Interface Bonding (Teaming) Configuration
First, stop eth0 and eth1 (do not type this over an ssh session), enter:
# /etc/init.d/networking stop
You need to modify /etc/network/interfaces file, enter:
# cp /etc/network/interfaces /etc/network/interfaces.bak
# vi /etc/network/interfaces
Remove eth0 and eth1 static IP configuration and update the file as follows:
############ WARNING #################### # You do not need an "iface eth0" nor an "iface eth1" stanza. # Setup IP address / netmask / gateway as per your requirements. ####################################### auto lo iface lo inet loopback # The primary network interface auto bond0 iface bond0 inet static address 192.168.1.10 netmask 255.255.255.0 network 192.168.1.0 gateway 192.168.1.254 slaves eth0 eth1 # jumbo frame support mtu 9000 # Load balancing and fault tolerance bond-mode balance-rr bond-miimon 100 bond-downdelay 200 bond-updelay 200 dns-nameservers 192.168.1.254 dns-search nixcraft.net.in
Save and close the file. Where,
- address 192.168.1.10 : Dotted quad ip address for bond0.
- netmask 255.255.255.0 : Dotted quad netnask for bond0.
- network 192.168.1.0 : Dotted quad network address for bond0.
- gateway 192.168.1.254 : Default gateway for bond0.
- slaves eth0 eth1 : Setup a bonding device and enslave two real Ethernet devices (eth0 and eth1) to it.
- mtu 9000 : Set MTU size to 9000. See Linux JumboFrames configuration for more information.
- bond-mode balance-rr : Set bounding mode profiles to "Load balancing and fault tolerance". See below for more information.
- bond-miimon 100 : Set the MII link monitoring frequency to 100 milliseconds. This determines how often the link state of each slave is inspected for link failures.
- bond-downdelay 200 : Set the time, t0 200 milliseconds, to wait before disabling a slave after a link failure has been detected. This option is only valid for the bond-miimon.
- bond-updelay 200 : Set the time, to 200 milliseconds, to wait before enabling a slave after a link recovery has been detected. This option is only valid for the bond-miimon.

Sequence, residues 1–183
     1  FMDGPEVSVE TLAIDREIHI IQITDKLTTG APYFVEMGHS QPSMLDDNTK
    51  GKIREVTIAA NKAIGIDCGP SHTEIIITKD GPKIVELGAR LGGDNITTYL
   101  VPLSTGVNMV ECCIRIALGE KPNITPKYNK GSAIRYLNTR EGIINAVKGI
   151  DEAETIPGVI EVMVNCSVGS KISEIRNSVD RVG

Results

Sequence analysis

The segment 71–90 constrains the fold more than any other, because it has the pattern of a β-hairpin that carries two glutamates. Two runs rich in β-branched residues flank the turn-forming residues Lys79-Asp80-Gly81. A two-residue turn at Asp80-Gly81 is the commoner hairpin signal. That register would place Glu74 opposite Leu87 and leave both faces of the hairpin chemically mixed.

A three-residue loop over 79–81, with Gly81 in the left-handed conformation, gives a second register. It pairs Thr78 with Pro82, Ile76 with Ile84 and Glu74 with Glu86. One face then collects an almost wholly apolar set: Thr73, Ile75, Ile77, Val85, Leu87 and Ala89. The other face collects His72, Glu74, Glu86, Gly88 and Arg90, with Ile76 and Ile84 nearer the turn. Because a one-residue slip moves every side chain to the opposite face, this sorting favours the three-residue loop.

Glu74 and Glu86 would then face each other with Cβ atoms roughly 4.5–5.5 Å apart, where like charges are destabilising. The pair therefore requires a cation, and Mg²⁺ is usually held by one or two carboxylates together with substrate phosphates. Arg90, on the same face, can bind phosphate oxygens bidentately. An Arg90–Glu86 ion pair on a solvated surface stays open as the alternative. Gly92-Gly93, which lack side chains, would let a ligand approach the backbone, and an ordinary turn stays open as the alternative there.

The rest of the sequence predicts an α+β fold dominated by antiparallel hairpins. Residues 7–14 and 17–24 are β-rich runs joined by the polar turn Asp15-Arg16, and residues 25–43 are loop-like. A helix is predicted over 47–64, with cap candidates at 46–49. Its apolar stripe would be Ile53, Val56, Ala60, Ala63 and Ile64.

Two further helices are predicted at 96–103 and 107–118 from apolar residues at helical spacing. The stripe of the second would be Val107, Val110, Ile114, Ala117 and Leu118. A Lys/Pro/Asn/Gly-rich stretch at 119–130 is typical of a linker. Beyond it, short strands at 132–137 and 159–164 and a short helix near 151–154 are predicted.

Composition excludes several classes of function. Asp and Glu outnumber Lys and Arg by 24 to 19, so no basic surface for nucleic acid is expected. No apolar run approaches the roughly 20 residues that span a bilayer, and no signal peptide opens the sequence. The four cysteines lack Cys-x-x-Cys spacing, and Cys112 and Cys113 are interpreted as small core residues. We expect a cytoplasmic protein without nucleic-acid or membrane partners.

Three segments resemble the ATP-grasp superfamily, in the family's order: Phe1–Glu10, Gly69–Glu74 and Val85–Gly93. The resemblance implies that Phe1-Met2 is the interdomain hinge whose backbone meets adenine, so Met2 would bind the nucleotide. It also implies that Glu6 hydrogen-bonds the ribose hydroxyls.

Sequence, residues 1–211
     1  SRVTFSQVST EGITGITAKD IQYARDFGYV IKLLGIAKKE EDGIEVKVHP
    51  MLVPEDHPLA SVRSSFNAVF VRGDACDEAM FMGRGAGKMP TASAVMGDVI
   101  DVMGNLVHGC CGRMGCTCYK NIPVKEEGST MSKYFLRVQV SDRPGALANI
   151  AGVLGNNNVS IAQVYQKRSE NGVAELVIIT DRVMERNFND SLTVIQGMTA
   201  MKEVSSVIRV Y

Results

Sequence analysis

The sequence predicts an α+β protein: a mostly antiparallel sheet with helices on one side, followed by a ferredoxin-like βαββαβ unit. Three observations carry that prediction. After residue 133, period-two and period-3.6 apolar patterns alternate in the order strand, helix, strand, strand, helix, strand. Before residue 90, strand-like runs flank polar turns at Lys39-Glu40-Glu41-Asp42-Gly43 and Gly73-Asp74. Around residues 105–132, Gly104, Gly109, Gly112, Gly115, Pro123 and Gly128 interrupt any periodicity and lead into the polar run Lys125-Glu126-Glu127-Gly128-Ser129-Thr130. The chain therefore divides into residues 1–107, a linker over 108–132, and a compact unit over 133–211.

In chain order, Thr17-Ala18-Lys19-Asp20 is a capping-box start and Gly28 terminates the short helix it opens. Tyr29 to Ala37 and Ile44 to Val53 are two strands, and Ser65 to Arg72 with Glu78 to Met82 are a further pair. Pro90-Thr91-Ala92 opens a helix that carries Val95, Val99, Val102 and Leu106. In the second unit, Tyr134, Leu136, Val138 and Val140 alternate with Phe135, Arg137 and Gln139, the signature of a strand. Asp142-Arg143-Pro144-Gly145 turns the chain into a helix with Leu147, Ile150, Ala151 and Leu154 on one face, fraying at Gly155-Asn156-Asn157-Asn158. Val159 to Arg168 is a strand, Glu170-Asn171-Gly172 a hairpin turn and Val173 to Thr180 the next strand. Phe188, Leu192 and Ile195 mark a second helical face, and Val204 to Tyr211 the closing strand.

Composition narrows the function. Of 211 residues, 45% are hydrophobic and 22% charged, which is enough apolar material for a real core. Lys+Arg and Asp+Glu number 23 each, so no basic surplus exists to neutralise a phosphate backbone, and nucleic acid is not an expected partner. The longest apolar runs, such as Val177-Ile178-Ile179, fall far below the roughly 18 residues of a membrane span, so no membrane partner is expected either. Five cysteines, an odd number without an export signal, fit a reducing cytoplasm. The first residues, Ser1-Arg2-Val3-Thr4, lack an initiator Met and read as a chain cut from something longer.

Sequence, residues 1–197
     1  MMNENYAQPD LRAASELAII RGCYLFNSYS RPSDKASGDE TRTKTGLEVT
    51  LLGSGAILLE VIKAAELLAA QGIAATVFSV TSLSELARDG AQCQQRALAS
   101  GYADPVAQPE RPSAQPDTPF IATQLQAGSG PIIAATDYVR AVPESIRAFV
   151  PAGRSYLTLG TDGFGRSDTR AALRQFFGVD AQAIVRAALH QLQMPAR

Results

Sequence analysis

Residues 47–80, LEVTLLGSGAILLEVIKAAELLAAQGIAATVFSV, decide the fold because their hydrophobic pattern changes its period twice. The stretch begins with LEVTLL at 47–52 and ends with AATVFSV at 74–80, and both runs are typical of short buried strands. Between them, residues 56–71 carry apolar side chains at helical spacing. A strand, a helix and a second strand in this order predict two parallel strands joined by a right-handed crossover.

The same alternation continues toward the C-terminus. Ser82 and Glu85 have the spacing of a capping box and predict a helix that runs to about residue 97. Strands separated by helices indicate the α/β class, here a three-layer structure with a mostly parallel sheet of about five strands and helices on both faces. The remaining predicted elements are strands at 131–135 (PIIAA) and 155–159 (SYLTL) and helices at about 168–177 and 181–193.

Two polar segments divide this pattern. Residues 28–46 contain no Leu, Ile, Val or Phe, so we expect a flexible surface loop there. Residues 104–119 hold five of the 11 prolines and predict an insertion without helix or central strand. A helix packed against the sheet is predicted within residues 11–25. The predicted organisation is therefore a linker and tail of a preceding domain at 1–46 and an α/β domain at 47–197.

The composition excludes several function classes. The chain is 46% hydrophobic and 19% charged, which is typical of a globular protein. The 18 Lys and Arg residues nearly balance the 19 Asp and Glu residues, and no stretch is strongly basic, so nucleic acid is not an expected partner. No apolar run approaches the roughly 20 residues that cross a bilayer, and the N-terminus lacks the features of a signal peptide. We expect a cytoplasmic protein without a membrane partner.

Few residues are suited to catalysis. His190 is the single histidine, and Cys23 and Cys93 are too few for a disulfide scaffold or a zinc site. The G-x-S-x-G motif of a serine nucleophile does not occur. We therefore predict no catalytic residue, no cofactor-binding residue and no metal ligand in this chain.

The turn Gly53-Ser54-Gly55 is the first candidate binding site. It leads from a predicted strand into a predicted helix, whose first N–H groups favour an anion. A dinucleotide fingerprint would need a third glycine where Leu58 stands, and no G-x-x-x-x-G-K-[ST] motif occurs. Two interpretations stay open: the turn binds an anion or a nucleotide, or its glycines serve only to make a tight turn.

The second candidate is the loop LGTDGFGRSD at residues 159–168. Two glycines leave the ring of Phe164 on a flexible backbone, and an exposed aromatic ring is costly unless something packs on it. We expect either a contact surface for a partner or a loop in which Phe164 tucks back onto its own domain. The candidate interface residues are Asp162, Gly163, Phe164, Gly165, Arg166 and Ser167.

- dns-nameservers 192.168.1.254 : Use 192.168.1.254 as dns server.
- dns-search nixcraft.net.in : Use nixcraft.net.in as default host-name lookup (optional).
A Note About Various Bonding Policies
In the above example bounding policy (mode) is set to 0 or balance-rr. Other possible values are as follows:
|Bonding policies (mode)||Description|
|balance-rr or 0||Round-robin policy to transmit packets in sequential order from the first available slave through the last. This mode provides load balancing and fault tolerance.|
|active-backup or 1||Active-backup policy. Only one slave in the bond is active. A different slave becomes active if, and only if, the active slave fails. This mode provides fault tolerance.|
|balance-xor or 2||Transmit based on the selected transmit hash policy. The default policy is a simple [(source MAC address XOR'd with destination MAC address) modulo slave count]. This mode provides load balancing and fault tolerance.|
|broadcast or 3||Transmits everything on all slave interfaces. This mode provides fault tolerance.|
|802.3ad or 4||Creates aggregation groups that share the same speed and duplex settings. Utilizes all slaves in the active aggregator according to the 802.3ad specification. Most network switches will require some type of configuration to enable 802.3ad mode.|
|balance-tlb or 5||Adaptive transmit load balancing: channel bonding that does not require any special switch support. The outgoing traffic is distributed according to the current load (computed relative to the speed) on each slave. Incoming traffic is received by the current slave. If the receiving slave fails, another slave takes over the MAC address of the failed receiving slave.|
|balance-alb or 6||Adaptive load balancing: includes balance-tlb plus receive load balancing (rlb) for IPV4 traffic, and does not require any special switch support. The receive load balancing is achieved by ARP negotiation.|